“Leading in a way that transforms society is a goal to which few leaders even aspire.  Yet, Yeshua (Jesus) led in a way that produced profound systemic changes in His world, changes that still influence us today after many centuries,” states Regent University’s Jon Bylor.

“The leadership of Yeshua continues to impact the world.  Although He offered practical advice to soldiers and peasants, His strategy focused on long-term change that would ultimately, but not quickly, transform society,” Bylor said.  (Leading Like Jesus for a Change)


Reaching to Yeshua

In a society that resembles the time of Noah, the seemingly bleak future of our world can drive us to despair.

Woe to us if we watch the world crumble around us while we gratefully accept God’s saving hand for ourselves and our loved ones without advocating for the lost.

If we embraced a deeper level of commitment to the troubled world around us, we could develop the same righteousness and compassion of Abraham, who actually pleaded with God for Sodom and Gomorrah:

Will you sweep away the righteous with the wicked?  …  Will you really sweep it away and not spare the place for the sake of the fifty righteous people in it?  Far be it from you to do such a thing—to kill the righteous with the wicked, treating the righteous and the wicked alike.  Far be it from you!  Will not the Judge of all the earth do right?” (Genesis 18:23–25)


The growing influx of Soviet Jewish olim in the late 80s and early 90s meant that Israel had to embark on a crash effort to build housing.  In the above photo, olim and soldiers pass the time together at an army base in Israel where the immigrants were temporarily housed.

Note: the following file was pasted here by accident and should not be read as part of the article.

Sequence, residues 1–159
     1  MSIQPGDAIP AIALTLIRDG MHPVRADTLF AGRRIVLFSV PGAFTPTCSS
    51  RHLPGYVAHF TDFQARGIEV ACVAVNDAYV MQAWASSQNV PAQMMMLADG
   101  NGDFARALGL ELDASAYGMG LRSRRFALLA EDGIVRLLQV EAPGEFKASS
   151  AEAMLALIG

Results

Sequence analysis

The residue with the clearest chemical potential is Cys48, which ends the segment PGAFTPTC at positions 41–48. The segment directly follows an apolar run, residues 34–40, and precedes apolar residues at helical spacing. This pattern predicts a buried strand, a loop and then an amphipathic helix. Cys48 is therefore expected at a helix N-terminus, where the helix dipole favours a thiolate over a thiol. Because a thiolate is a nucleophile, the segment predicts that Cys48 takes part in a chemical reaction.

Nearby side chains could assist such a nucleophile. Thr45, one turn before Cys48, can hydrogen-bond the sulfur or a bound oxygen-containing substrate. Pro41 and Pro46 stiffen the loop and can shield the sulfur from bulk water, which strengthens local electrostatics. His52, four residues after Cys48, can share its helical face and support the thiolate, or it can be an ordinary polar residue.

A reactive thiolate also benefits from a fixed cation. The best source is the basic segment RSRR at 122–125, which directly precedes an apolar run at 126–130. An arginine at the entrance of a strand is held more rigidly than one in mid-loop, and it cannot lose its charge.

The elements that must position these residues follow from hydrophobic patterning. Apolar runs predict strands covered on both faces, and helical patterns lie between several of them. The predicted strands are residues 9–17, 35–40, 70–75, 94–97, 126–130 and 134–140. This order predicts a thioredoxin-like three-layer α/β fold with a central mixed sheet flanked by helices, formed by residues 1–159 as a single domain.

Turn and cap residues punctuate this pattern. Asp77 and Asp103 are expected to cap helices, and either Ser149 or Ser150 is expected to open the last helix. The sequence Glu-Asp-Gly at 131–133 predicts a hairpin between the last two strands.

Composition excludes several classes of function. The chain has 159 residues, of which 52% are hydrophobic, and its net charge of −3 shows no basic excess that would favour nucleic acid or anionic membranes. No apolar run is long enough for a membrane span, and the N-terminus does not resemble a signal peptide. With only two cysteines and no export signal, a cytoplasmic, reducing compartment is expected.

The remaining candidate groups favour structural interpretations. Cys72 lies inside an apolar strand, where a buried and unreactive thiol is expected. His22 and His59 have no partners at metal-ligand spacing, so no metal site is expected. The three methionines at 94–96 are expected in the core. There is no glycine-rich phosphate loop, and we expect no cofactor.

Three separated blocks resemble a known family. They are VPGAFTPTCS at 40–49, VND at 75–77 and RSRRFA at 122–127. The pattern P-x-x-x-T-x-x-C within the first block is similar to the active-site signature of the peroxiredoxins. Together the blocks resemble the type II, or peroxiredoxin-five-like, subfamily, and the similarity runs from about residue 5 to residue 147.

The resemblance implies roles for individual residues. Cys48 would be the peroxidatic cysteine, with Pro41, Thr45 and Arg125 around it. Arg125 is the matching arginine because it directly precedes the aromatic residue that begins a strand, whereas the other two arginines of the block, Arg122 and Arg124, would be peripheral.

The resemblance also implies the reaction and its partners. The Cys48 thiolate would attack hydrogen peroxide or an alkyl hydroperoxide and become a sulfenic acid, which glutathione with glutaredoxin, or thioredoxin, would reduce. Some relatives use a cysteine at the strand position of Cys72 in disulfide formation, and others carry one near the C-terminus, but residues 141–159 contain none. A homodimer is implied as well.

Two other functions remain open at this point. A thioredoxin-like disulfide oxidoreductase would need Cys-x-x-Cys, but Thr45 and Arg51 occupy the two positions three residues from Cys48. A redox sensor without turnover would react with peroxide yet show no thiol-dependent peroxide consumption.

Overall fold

God is not calling us to be passive spiritual spectators.  Faith is active.  It involves running “with perseverance the race marked out for us, fixing our eyes on Yeshua, the pioneer and perfecter of faith.”  (Hebrews 12:1)

God is calling us to make a difference in the lives of others.

Sometimes this involves standing up for someone much like Paul did when he wrote a letter to Philemon on behalf of the escaped slave Onesimus, who had become a Believer.

Although Onesimus could have been put to death for having escaped, Paul sends him back to his master, asking Philemon to welcome him back as a brother (Philemon 1).

French-Orthodox Jewish

A Jewish man in France takes a moment to offer help to someone in need.

Making a difference also means helping the poor and the oppressed.

“Defend the weak and the fatherless; uphold the cause of the poor and the oppressed.  Rescue the weak and the needy; deliver them from the hand of the wicked.”  (Psalm 82:3–4)

It includes joining hands and vocally standing against a tide of anti-Semitism disguised as anti-Israelism.

Those who have been set free from their sin are lights shining in the darkness of this world.

When we show the love of God and hold out the Word of life, we will actively make a difference in our families, communities, Israel, and the world and be that light on a hill as He has entrusted us to do.